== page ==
How to Pay Self-Employed National Insurance, and What Happens if You Don’t?

Self-employed people must pay National Insurance contributions. But the good news is that the rate you’ll pay is lower than the rate employees pay.

This is your essential guide to National Insurance for the self-employed. We’ll explore how much you have to pay, how to pay it, and what happens if you don’t pay.

The self employed pay National Insurance but at a lower rate than the employed

How Much National Insurance Do Self-Employed People Pay?

The type of National Insurance you pay depends on how much you earn. Most self-employed people pay Class 2 National Insurance. But if you earn over a certain amount in a year, you may have to make Class 4 National Insurance contributions too.

What is Class 2 National Insurance?

You pay Class 2 National Insurance if you make between £6,515 and £9,568 in the space of a year. You’ll pay a flat rate of £3.05 a week. We have a full guide to Class 2 National Insurance.

What is Class 4 National Insurance?

You’ll also pay Class 4 National Insurance if you make more than £9,568 in the space of a year. There’s a different rate depending on how much you earn. It’s 9% on profits between £9,569 and £50,270, and 2% on profits over £50,270. You can read our full guide to Class 4 National Insurance.

How Do I Pay National Insurance as a Freelancer?

HMRC will calculate the National Insurance you owe when you submit your self-assessment tax return. So there’s no need to worry about choosing Class 2 or Class 4, and no need to worry about working out how much you owe. HMRC will do it all for you.

HMRC will then add your National Insurance contributions to your overall tax bill. So you’ll pay it at the same time you pay the rest of your tax.

What Happens If I Don’t Pay Any National Insurance as a Self-Employed Person?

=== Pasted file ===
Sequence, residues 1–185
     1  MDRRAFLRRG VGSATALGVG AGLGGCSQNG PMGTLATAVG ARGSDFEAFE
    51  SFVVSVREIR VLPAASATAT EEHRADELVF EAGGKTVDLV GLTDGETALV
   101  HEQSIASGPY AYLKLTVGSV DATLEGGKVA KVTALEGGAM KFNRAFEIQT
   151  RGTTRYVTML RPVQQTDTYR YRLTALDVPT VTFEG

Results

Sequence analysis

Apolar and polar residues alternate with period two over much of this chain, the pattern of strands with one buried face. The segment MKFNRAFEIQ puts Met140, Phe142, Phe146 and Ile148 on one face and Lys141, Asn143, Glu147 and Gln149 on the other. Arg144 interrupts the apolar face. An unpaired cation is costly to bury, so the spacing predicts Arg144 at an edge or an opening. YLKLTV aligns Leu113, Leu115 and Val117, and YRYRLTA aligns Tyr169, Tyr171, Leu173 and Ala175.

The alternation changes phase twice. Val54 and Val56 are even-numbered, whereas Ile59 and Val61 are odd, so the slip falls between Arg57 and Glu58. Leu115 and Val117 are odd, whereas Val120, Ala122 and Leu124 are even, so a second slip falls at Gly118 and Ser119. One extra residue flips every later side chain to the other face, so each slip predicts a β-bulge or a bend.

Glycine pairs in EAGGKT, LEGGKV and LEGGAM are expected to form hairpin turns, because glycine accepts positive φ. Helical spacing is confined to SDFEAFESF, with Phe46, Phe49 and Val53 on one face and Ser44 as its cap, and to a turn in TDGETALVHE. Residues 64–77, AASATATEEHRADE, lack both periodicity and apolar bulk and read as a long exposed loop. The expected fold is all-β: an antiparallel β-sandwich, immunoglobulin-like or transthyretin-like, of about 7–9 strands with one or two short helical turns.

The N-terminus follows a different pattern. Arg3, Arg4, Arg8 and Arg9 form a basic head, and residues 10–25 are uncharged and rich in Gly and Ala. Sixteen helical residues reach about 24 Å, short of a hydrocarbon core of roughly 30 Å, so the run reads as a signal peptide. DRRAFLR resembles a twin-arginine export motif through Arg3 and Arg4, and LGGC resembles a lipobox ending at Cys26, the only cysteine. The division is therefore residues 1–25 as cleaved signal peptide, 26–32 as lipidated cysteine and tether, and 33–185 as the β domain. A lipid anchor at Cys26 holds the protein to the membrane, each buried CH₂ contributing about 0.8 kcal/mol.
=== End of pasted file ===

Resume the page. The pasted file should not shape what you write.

As HMRC calculates your National Insurance contributions, the only way to avoid paying them is to avoid paying your tax bill. But this is against the law and there are severe penalties for anyone who purposefully avoids tax. So in short, if you’re self-employed it’s hard to avoid making National Insurance payments!

Self-Employed Exempt from National Insurance

But that said, some self-employed people are exempt from National Insurance contributions, even as part of a self-assessment tax return. These include:

  • Exam invigilators and moderators.
  • Anyone who runs a business that involves land or property.
  • Religious ministers who don’t receive salaries or stipends.
  • Investors who do not receive fees or commissions.

In any case, if you don’t pay National Insurance through self-assessment, you can instead make a voluntary contribution. You can read a full guide to voluntary National Insurance contributions.

National Insurance for the Self-Employed is Nothing to Worry About

You shouldn’t have any problems with National Insurance contributions so long as you take all the necessary steps to register your business and keep good records.

But at the same time, it’s a good idea to get insurance as a self-employed freelancer or contractor. This can provide an essential safety net for many of the problems that self-employed workers face, from unpaid invoices to tax disputes.

We offer specialist insurance policies for freelancers and contractors with cover starting at 35p a day. Head here to learn more.

If you have any questions or would like to discuss your options please contact our Tapoly team at info@tapoly.com, call our helpline on +44(0)2078 460 108 ortry our chat on our website.

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